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Could Nigeria's recent presidential election cause a shift in power resulting in a return to power of oppressive military leadership?

Playing with Fire in the 2015 Nigerian Presidential Election  

March 8, 2015

By Lauren Stauffer – Research Assistant

For more than fifteen years since the end of military rule, the People’s Democratic Party has held unwavering power in Nigeria.  However, this political monopoly may soon come to an end as current Nigerian President Goodluck Jonathan is being challenged in a close presidential race by the All Progressives Congress’ candidate, General Muhammadu Buhari, who previously ruled Nigeria in a dictatorship that lasted from 1984 to 1985.  Buhari’s surge in popularity is primarily due to the increased violence and mass killings being committed by Boko Haram in the northern region of Nigeria, where Buhari was once governor.  President Jonathan’s failure to thwart Boko Haram, an Islamist terrorist movement that killed an estimated 6,347 civilians in 2014, has caused many Nigerians to forget Buhari’s repressive dictatorship and, instead, rally behind his campaign promises of stopping the Islamist insurgency.  Thus, Nigeria’s 2015 presidential election, which was postponed from 14 February to 28 March supposedly due to security threats, may not only result in a political party power shift, but also the return to power of a military leader who could potentially revert to his previous oppressive policies in order to stop Boko Haram.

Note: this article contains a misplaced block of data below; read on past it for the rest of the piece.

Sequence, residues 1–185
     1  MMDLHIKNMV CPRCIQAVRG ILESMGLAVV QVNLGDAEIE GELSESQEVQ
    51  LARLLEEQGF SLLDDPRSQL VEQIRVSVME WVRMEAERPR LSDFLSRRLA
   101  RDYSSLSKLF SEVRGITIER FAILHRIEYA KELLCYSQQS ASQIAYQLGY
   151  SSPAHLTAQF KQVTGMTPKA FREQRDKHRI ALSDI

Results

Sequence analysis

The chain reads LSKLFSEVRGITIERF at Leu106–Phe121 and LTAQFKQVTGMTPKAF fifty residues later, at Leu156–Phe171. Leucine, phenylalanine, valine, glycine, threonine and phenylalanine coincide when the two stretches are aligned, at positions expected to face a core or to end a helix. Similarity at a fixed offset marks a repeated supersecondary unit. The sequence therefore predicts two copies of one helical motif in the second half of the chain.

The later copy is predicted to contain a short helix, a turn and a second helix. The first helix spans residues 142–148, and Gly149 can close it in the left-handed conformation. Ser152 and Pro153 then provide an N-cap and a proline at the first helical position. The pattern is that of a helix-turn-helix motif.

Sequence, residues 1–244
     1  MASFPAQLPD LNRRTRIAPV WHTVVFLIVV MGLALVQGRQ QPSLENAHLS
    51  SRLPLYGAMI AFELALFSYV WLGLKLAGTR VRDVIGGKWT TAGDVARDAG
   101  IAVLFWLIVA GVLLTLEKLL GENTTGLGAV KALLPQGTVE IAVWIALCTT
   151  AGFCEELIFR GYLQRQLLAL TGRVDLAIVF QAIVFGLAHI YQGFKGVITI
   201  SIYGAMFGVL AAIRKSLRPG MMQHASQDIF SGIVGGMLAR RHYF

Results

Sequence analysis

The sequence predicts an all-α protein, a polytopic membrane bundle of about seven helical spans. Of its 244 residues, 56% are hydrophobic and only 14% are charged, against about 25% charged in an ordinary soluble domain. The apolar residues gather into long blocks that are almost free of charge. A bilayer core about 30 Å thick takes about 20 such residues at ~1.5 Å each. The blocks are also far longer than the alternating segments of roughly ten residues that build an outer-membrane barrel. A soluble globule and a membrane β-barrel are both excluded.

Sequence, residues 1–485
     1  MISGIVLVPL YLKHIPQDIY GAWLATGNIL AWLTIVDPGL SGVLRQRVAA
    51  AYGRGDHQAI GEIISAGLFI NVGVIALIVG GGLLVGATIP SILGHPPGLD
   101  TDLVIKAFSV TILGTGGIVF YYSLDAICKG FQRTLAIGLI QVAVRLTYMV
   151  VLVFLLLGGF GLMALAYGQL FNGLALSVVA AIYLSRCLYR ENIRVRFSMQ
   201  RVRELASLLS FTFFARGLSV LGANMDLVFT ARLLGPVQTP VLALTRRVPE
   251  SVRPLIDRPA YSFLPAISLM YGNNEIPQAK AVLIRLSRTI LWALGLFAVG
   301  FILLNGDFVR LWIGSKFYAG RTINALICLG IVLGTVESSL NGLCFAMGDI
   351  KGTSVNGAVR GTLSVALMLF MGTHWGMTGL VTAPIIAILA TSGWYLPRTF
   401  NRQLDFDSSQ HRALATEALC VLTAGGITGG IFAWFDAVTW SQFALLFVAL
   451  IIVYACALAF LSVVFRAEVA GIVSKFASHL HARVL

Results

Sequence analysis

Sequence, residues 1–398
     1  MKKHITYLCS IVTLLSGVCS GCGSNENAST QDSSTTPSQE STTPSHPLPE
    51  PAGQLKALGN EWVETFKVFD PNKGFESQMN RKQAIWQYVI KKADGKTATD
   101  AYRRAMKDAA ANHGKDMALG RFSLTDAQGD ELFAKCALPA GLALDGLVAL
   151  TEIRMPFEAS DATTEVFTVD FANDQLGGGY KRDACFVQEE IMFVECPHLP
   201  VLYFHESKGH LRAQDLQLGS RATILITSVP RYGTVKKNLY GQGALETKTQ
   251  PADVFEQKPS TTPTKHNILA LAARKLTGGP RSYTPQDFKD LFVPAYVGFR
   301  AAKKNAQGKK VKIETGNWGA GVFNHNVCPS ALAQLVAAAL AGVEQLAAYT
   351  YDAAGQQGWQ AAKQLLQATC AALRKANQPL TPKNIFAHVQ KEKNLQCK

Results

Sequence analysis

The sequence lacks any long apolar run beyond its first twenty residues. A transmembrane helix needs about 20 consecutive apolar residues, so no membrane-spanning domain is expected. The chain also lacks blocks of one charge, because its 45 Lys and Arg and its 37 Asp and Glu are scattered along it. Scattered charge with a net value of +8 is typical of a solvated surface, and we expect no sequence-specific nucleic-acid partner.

To understand General Buhari’s public appeal, one must first analyze how Nigerian citizens have reimagined his once threatening policies and political agenda into examples of strength and strong leadership capabilities.  Buhari came to power in 1984 through a staged military coup that overthrew the democratically elected government and quickly established a twenty month rule that came to be characterized by secret tribunals, a broad curtailment of civil liberties, and executions for crimes that were not capital offenses.  Additionally, this self-proclaimed “war against indiscipline” was best known for the “Dikko Affair” that involved Umaru Dikko, transport minister and second-in-command under the former democratic government, fleeing to the United Kingdom – a move which prompted an attempt by the Nigerian intelligence service to kidnap him.  Although Buhari’s government denied any involvement, the incident sparked a serious diplomatic crisis between the U.K. and Nigeria, which resulted in the suspension of diplomatic relations for two years.  Thus, in Buhari’s short rule, Nigeria experienced a restriction of personal freedom, increased governmental threats, and a worsening of international relations, especially in regards to the West.  However, today, Buhari’s “war against intolerance” has come to offer hope for many Nigerians who need the government to take a more aggressive stance towards ending the Islamist insurgency.  For example, Hardiza Bala Usman, who was the primary campaigner for the return of 200 Nigerian schoolgirls kidnapped by Boko Haram last spring, says that she supports General Buhari because his militaristic experience allows him to recognize that “the resources meant for the military don’t go to the military; the bullets and boots don’t go to the soldiers”.  Therefore, Buhari’s ironhanded past has transformed him into President Jonathan’s main contender and into a political leader who could launch a second “war against intolerance” that is directed at Boko Haram.